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Environmental science & technology

Effect of disinfectant, water age, and pipe material on occurrence and persistence of Legionella, mycobacteria, Pseudomonas aeruginosa, and two amoebas.


PMID 23046164

Abstract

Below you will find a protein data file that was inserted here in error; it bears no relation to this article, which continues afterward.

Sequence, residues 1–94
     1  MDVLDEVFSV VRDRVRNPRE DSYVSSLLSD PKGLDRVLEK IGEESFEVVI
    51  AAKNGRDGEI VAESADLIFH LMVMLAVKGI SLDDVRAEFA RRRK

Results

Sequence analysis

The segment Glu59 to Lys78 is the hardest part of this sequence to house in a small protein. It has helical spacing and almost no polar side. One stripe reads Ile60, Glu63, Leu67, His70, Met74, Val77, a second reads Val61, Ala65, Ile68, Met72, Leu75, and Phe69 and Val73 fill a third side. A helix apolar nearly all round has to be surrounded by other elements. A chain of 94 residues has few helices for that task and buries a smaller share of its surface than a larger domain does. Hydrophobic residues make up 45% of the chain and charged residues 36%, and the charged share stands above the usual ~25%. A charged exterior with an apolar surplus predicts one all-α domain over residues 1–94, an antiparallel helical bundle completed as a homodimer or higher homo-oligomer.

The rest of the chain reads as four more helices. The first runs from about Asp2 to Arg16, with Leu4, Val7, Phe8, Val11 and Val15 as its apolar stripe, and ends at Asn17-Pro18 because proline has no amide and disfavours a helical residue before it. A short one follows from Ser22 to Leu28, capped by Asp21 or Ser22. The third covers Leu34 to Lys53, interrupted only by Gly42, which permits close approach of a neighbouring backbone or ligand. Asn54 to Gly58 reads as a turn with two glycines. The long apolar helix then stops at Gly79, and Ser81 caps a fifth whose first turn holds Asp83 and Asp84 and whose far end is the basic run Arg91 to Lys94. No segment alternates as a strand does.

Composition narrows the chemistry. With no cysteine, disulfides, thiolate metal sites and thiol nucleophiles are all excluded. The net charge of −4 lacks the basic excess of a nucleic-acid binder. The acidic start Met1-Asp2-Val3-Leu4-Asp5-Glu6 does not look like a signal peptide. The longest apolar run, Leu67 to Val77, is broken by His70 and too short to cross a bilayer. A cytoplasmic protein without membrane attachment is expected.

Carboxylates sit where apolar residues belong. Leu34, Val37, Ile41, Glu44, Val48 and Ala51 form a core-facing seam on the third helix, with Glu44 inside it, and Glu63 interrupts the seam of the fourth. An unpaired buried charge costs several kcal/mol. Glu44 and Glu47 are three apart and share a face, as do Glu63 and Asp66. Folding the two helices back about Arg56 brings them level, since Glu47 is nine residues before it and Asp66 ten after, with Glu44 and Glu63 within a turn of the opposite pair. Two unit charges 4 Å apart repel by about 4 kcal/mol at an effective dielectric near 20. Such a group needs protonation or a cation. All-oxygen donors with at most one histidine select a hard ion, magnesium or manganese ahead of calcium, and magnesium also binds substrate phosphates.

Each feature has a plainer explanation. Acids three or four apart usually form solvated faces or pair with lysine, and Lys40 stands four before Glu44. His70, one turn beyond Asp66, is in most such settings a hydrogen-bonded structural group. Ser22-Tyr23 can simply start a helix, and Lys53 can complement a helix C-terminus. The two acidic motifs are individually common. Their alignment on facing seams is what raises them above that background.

Opportunistic pathogens represent a unique challenge because they establish and grow within drinking water systems, yet the factors stimulating their proliferation are largely unknown. The purpose of this study was to examine the influence of pipe materials, disinfectant type, and water age on occurrence and persistence of three opportunistic pathogens (Legionella pneumophila, Mycobacterium avium, and Pseudomonas aeruginosa), broader genera (Legionella and mycobacteria), and two amoeba hosts (Acanthamoeba spp. and Hartmanella vermiformis). Triplicate simulated distribution systems (SDSs) compared iron, cement, and PVC pipe materials fed either chlorinated or chloraminated tap water and were sampled at water ages ranging from 1 day to 5.7 days. Quantitative polymerase chain reaction quantified gene copies of target microorganisms in both biofilm and bulk water. Legionella, mycobacteria, P. aeruginosa, and both amoebas naturally colonized the six SDSs, but L. pneumophila and M. avium were not detected. Disinfectant type and dose was observed to have the strongest influence on the microbiota. Disinfectant decay was noted with water age, particularly in chloraminated SDSs (due to nitrification), generally resulting in increased microbial detection frequencies and densities with water age. The influence of pipe material became apparent at water ages corresponding to low disinfectant residual. Each target microbe appeared to display a distinct response to disinfectant type, pipe materials, water age, and their interactions. Differences between the first and the second samplings (e.g., appearance of Legionella, reduction in P. aeruginosa and Acanthamoeba) suggest a temporally dynamic drinking water microbial community.